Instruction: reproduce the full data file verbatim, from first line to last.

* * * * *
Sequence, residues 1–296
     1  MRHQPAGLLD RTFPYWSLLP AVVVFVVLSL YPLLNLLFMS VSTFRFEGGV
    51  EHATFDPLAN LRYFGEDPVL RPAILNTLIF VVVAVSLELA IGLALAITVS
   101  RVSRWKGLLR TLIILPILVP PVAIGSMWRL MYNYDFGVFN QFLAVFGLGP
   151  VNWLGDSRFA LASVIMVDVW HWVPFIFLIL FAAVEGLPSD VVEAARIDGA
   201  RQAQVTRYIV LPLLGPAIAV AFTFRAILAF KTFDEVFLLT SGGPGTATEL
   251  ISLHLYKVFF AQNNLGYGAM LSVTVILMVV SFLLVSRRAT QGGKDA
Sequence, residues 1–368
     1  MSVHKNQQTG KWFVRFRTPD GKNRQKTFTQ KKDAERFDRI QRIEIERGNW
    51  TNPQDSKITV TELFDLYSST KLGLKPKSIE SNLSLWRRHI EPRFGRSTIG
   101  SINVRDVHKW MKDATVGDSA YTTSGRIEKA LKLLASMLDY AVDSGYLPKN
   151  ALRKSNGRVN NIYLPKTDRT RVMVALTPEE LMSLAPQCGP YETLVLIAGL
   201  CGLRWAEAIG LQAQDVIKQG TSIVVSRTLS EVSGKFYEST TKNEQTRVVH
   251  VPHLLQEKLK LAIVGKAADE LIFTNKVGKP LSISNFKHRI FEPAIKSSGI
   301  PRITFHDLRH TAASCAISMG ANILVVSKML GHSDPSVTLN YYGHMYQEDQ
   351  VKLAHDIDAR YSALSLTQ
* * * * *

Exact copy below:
Sequence, residues 1–296
     1  MRHQPAGLLD RTFPYWSLLP AVVVFVVLSL YPLLNLLFMS VSTFRFEGGV
    51  EHATFDPLAN LRYFGEDPVL RPAILNTLIF VVVAVSLELA IGLALAITVS
   101  RVSRWKGLLR TLIILPILVP PVAIGSMWRL MYNYDFGVFN QFLAVFGLGP
   151  VNWLGDSRFA LASVIMVDVW HWVPFIFLIL FAAVEGLPSD VVEAARIDGA
   201  RQAQVTRYIV LPLLGPAIAV AFTFRAILAF KTFDEVFLLT SGGPGTATEL
   251  ISLHLYKVFF AQNNLGYGAM LSVTVILMVV SFLLVSRRAT QGGKDA
Sequence, residues 1–368
     1  MSVHKNQQTG KWFVRFRTPD GKNRQKTFTQ KKDAERFDRI QRIEIERGNW
    51  TNPQDSKITV TELFDLYSST KLGLKPKSIE SNLSLWRRHI EPRFGRSTIG
   101  SINVRDVHKW MKDATVGDSA YTTSGRIEKA LKLLASMLDY AVDSGYLPKN
   151  ALRKSNGRVN NIYLPKTDRT RVMVALTPEE LMSLAPQCGP YETLVLIAGL
   201  CGLRWAEAIG LQAQDVIKQG TSIVVSRTLS EVSGKFYEST TKNEQTRVVH
   251  VPHLLQEKLK LAIVGKAADE LIFTNKVGKP LSISNFKHRI FEPAIKSSGI
   301  PRITFHDLRH TAASCAISMG ANILVVSKML GHSDPSVTLN YYGHMYQEDQ
   351  VKLAHDIDAR YSALSLTQ